Ever feel like this in the gym?
If you do, you’re dreaming if you think you’ll be seeing gains.
To see any gain in muscle size and strength, you need to put your muscles under serious stress, that actually tears them apart slightly at the micro level. They then regenerate for a few days, and grow slightly bigger than before to get ready to face the stress again.
So to put it simply, if you’re not putting your body under any stress you won’t see any growth.
Want to know why Arnold was so huge? Because he constantly looked like this in the gym:
Serious gains in size and strength come from pushing your muscles to their point of failure, so if you look more like Homer than Arnold, you’ll have to reconsider what you’re really doing in the gym.
Also, get off your fucking phone.
The only thing you’re allowed to do on your phone at the gym is to change your music. That’s it.
No checking email.
That shit can wait.
Every time you get distracted and look at your phone, your mind is taken away from the task at hand, you’re taken out of the zone and your intensity drops. Lower intensity = less results.
Your phone can wait.
2. Type of exercises
Not all exercises are created equal.
The exercises that will give you the biggest bang for your buck are ones that make you use multiple joints and muscle groups (compound exercises). The more muscles you use during an exercise the fitter you will become.
Take a look at these two exercises as an example. Which do you think will make you work harder and stress your muscles more?
Yep, the second one.
When you can (unless you’re specifically trying to target one muscle group) go for compound movements, and you’ll see far greater results.
3. Exercise technique
You do shit like this:
Okay maybe not that extreme, but you get the point: using bad form will rob you of results, and can even get you injured (or injure someone else if you’re doing something really nuts).
Make sure your form is right before you attempt a new exercise.
Also, don’t fucking swing.
Momentum is not a muscle, and has no place in your workouts. Unless you’re on one of your last reps and need that tiny bit of help to get the weight moving, using your bodyweight to do an exercise is cheating, and you’re lying to yourself if you think you’re working hard.
Don’t be this guy:
4. Lack of sleep
This is surprisingly important. Since the majority of muscle repair and growth happens when you’re asleep, getting a good nights rest can seriously improve your recovery after exercise.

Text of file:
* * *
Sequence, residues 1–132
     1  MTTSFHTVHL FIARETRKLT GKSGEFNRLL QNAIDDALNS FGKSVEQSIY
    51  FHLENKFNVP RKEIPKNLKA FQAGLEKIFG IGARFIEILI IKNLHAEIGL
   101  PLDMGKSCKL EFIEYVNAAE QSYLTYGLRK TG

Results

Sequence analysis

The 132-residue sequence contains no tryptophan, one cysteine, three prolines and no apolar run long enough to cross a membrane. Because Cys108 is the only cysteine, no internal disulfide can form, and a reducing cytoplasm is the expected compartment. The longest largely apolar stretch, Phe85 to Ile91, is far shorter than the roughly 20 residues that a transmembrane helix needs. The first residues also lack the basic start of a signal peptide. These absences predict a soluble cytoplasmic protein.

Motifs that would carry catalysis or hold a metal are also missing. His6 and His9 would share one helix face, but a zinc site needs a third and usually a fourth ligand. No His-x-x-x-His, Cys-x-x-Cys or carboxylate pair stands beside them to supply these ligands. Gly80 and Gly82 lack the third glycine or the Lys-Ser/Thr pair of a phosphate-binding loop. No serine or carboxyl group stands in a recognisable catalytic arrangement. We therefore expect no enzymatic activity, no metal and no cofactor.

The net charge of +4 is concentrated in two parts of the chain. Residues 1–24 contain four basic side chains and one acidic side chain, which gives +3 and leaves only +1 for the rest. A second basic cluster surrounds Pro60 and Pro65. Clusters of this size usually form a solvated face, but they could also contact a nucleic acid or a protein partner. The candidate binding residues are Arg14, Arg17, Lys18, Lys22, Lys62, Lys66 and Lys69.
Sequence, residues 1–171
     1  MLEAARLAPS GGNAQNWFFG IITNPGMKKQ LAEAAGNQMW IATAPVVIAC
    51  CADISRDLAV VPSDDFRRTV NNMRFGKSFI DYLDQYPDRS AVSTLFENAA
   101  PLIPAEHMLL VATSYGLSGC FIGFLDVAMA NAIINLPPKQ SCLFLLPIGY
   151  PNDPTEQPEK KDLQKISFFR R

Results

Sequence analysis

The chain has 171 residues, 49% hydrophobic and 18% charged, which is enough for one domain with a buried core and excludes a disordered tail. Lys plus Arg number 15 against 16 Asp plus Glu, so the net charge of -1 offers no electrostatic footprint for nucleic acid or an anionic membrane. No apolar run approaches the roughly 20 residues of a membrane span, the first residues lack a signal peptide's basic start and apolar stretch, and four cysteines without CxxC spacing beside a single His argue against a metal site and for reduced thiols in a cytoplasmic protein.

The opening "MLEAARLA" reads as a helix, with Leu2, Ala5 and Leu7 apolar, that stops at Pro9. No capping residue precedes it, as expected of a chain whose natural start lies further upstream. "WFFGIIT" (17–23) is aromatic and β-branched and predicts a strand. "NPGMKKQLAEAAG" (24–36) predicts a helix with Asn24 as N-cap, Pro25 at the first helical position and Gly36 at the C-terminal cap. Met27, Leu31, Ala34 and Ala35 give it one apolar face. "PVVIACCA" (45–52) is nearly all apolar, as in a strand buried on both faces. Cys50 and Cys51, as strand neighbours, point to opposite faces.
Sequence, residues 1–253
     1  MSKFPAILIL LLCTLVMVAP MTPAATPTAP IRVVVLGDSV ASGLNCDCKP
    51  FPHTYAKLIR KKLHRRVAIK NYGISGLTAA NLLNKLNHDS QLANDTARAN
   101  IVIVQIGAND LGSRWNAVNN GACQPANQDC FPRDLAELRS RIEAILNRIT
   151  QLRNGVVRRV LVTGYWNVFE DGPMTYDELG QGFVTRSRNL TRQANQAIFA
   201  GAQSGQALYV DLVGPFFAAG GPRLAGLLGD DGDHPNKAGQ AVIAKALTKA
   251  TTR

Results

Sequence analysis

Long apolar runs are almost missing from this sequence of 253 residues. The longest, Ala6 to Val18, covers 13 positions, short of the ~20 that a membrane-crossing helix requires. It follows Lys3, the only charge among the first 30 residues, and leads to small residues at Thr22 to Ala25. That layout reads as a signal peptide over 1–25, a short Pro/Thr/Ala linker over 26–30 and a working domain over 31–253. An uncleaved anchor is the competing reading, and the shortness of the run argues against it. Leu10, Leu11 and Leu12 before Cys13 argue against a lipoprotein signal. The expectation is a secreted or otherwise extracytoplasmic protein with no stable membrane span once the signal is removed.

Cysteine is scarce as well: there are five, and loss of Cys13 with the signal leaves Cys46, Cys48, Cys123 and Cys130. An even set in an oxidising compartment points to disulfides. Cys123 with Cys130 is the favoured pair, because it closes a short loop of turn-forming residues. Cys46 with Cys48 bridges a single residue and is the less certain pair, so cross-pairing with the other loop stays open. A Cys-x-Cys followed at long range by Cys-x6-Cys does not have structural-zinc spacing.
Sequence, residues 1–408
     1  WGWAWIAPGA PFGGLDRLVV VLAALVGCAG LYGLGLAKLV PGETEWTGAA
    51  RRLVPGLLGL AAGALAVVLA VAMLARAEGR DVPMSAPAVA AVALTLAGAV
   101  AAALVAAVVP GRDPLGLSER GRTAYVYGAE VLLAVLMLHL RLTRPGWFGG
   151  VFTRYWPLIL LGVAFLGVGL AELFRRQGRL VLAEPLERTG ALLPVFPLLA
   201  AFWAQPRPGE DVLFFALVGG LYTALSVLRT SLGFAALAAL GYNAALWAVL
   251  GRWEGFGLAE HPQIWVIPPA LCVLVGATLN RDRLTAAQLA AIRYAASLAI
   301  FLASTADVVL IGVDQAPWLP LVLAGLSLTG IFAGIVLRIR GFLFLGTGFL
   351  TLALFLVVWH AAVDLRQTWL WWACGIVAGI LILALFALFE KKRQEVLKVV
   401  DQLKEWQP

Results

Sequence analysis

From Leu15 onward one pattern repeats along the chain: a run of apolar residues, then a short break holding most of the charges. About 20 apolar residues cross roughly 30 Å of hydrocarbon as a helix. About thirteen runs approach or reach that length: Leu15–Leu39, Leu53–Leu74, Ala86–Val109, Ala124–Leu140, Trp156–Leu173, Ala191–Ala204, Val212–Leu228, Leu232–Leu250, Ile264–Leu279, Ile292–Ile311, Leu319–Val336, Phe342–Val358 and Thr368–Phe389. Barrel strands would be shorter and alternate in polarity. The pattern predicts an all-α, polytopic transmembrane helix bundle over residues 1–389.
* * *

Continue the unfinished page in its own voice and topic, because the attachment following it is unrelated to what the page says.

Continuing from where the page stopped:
Studies have found that sleep deprivation can lead to decrease testosterone and IGF-1 (a muscle building hormone) levels, meaning your body is less able to repair your muscles.
It can also increase your cortisol (stress hormone) levels, as well as alter your blood pressure and eating behaviour.
Conclusion: a good night’s sleep is always a 10/10 decision.
“Women are checking me out lately. Was it the ten push-ups I’ve been cranking out every other Sunday?” — JD, Scrubs
This one is pretty self-evident. You need to be hitting the gym at least three times per week in order to see decent improvements. If you want to see more rapid gains you should be going 4+ times per week.
You won’t get anywhere doing one or two lazy workouts per week thinking ‘I’ve been to the gym, I’ll totally be huge soon’.
Fitness nutrition is one of the most talked about, and most misunderstood topics in health. If you’re training to be an athlete or have medical issues, sure, the exact types and amounts of foods you eat are incredibly important. However, for the rest of us it’s so simple. Michael Pollan puts it best in his book ‘Food Rules’: “eat food. Not too much. Mostly plants.”
It sounds kind of overly simplistic, but what he’s saying is eat real food. Not edible products that come from packets or factories. Eating a variety of real, whole foods will cover all your micro and macronutrient needs, and eating not too much will cover your calories as well. No need to count, no need to stress.
Vegetarians and vegans may need to think about supplementing their protein intake with protein powders (go for unflavoured, sugar free protein powders) as it’s slightly harder to get the right amount when trying to build muscle.
It might not be easy to follow this if you love a good tub of ice cream on a Sunday night or a packet of chips or three each week, but it’s incredibly simple, and if followed correctly gives you 80–90% of the gains of a strict, precise diet with 0% of the effort.
This is probably the most difficult to accept, at least it was (and sometimes still is) for me. When you’re having a bit of an off day, or the bed is feeling extra comfortable, your brain gets amazingly creative in thinking of reasons why you can’t do something, and it’s incredibly easy to accept it.
I hate to break it to you, but:
“All your excuses are lies” — Jocko Willink
It doesn’t get much more straightforward than that. Excuses are just straight up lies, which allows your brain to justify your laziness.
I used to do this all the time. On my way home from work and on my way to the gym, something would inevitably come up that was just far too important, and there was another session skipped, another missed opportunity to take one more step towards my goal.
Once you realise that your brain is lying to you when it’s telling you not get off your ass, or that you don’t need to push out that last rep, it makes it so much easier to say ‘fuck you, I’m doing it anyway’.
So there you have it, 7 reasons you’re not seeing results in the gym. There are many other points that I didn’t cover here, but from my experience in the gym, these are the biggest mistakes that beginners make, and most are so easy to fix with just a little extra effort.
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Originally published at medium.com